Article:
President’s Column: Atheism Plus Humanism

Published by MNA on

By August Berkshire

Headshot of August Berkshire, smiling.

When we began as the Twin Cities Chapter of American Atheists in 1984, and when we became Minnesota Atheists in 1991, we chose the word “Atheists” for three reasons. First, it is an accurate description of who we are. Second, we did not want to choose a more euphemistic word, such as “freethinker” because, in defining it, we would eventually have to admit we were atheists. We felt it was far better to start off with the truth than to hide behind another word. And finally, we chose “Atheists” because it was inclusive. For example, you could belong to any political party and still be an atheist.

As atheists, we expose the weaknesses of pro-god arguments. As part of this, we reject “supernatural” “revelation,” since it has been shown to be a failure, and accept the scientific method as the best means that humans have yet devised to understand reality. We reject “revealed” ethics in favor of naturalistic ethics based on empathy and consequences.

We also support separation of state and church. Although it is possible to be an atheist and not mind theocracy, the idea that “religion is good for society even though I personally don’t need it” seems a bit hypocritical. Moreover, history has shown that the best way to preserve the rights of both theists and atheists is to have separation of state and church.

We oppose instances where government is commandeered to promote a purely religious agenda, such as government-led or -endorsed prayer in public schools, creationism in public school science classrooms, and religious monuments on government property.

We also examine things such as civil same-sex marriage and find there are no valid secular arguments against it, only spurious religious arguments, so we have become champions of equal rights for gays, lesbians, bisexuals, and transsexuals. The same holds true for doctor-assisted, euthanasia (with appropriate safeguards that the decision is rational and voluntary).

From there we have decided to make what I consider to be the one exception to atheism and separation of state and church by supporting the pro-choice position on abortion. Other state-church separation groups, such as the Freedom From Religion Foundation (FFRF) and the Secular Coalition for America (SCA), recognize that abortion is not strictly a state-church issue and have not taken a stance on it – even though there is no more staunch a feminist in the world than FFRF co-president Annie Laurie Gaylor. The reason we have taken a pro-choice position is that we think the secular pro-choice arguments outweigh the secular (and religious) anti-choice arguments. Moreover, opposition to a woman’s right to choose is almost entirely religious.

Our motto has always been “Positive Atheism in Action,” and by this we mean that we do not simply critique god-ideas but we derive a secular morality from our atheism and use it to try to make the world a better place. In this we are no different than secular humanists or the newly coined term “Atheism Plus.” But it’s not always easy deciding what the secular ethical position should be.

Recently, two of our members approached us with the suggestion that we examine the pro-vegetarian position at one of our monthly meetings. This is not a state-church issue, but, personally, I can see a connection to science, health, the environment, and secular morality – things most of us are very much interested in. Other members of our board disagree that this is an appropriate subject for one of our main monthly meetings and believe it should instead be the focus of a Meetup.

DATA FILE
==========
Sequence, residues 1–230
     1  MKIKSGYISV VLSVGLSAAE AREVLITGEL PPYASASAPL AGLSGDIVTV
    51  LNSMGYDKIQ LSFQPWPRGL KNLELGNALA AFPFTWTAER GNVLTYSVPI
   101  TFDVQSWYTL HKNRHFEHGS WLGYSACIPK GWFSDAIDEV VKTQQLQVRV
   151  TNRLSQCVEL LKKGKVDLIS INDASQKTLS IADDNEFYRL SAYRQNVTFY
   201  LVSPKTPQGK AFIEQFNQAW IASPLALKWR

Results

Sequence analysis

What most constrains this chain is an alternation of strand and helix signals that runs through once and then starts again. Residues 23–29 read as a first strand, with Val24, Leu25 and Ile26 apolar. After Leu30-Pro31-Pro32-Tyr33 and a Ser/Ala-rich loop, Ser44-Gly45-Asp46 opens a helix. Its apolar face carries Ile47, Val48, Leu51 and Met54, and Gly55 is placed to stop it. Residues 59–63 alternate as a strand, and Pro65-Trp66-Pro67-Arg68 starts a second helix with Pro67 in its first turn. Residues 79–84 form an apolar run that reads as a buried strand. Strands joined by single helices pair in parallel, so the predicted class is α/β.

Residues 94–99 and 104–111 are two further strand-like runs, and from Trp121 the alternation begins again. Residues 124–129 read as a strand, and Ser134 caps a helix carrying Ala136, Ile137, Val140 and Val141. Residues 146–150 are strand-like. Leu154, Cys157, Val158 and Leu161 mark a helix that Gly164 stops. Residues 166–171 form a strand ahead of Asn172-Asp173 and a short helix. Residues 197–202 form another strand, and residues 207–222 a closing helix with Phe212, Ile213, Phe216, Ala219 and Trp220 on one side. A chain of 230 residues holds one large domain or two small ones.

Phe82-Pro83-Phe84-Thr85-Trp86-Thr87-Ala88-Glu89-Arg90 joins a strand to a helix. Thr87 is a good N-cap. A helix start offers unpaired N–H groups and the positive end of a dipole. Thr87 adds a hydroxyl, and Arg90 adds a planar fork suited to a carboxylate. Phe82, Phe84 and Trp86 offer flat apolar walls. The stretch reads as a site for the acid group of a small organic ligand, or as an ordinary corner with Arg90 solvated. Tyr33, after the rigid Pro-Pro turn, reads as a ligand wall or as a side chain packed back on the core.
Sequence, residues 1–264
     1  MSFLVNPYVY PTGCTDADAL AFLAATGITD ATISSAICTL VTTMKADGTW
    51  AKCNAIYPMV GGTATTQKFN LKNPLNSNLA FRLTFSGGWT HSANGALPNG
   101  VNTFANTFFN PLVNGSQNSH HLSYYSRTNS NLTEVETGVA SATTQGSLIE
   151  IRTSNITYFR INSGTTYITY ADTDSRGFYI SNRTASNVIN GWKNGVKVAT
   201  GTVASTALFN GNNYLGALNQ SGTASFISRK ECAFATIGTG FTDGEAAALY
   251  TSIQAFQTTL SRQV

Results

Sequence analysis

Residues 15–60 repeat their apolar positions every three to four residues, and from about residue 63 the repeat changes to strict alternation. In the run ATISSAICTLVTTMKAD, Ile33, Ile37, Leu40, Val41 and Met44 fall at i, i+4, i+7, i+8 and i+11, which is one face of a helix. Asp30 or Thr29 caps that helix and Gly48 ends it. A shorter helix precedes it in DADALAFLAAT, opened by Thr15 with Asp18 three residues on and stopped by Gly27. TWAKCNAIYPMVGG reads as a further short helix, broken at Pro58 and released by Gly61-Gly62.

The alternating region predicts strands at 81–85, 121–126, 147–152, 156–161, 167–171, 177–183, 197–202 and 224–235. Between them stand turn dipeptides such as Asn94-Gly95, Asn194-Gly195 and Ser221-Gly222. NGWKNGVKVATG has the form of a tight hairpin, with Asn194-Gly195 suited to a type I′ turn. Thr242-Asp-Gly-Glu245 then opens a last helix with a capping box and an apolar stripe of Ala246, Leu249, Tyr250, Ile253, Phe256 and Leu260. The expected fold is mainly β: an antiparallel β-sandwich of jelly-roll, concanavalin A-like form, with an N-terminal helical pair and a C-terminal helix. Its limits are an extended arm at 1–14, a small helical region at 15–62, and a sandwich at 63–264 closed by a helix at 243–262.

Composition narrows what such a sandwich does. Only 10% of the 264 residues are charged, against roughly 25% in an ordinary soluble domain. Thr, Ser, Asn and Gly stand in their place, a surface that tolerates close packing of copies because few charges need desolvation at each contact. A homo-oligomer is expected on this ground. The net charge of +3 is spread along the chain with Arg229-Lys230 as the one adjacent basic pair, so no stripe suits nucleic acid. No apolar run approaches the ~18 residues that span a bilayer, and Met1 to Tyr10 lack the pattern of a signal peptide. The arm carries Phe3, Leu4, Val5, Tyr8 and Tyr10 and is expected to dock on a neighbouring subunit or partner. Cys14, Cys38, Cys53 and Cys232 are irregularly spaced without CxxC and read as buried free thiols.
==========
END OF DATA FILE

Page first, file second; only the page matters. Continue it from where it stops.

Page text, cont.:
What about human-made global warming? While we can accept it as a scientific fact, to what extent should we spend money on reducing greenhouse gasses vs. spending money adapting to a warmer climate? 

Gun control? Legalizing and regulating currently illegal drugs? Legalizing prostitution? Genetically modified food? Nuclear energy? Voter Photo ID? While I think all of these subjects would make thought-provoking Meetups, should Minnesota Atheists take official positions on any of them?

As a 501(c)3 tax-exempt, nonprofit organization, we are prohibited from supporting or opposing political candidates – though there are some we would certainly oppose if we could, due to their heavily pro-theocracy positions. Neither do we support or oppose any political parties. We have members who call themselves Democrats, Republicans, Independents, Greens, Libertarians, Socialists, and Communists. There is even a new National Atheist Party, and we take no position on that either. All we ask is that whichever political party you support, please do what you can to get them to recognize the equal citizenship of all Americans and to support separation of state and church.

Ultimately, Minnesota Atheists belongs to its members, not to the president, not to the board. We’d like to hear from you as to what issues you think we should discuss at one of our monthly meetings and what issues you think rise to the level that we as an organization should officially support or oppose them.

To review the current Minnesota Atheists policy positions, go to To respond to this column, please contact a Board member (see page 2). Or, send a letter to the editor to James Zimmerman at, or mail to Minnesota Atheists, PO Box 120304, New Brighton, MN 55112. Or, speak up at one of our business meeting that precede our regular monthly meetings (contact our chair Heather Hegi at if you’d like an official spot on the agenda). Or, attend one of our monthly Board meetings on the third Wednesday of the month (all members are always welcome).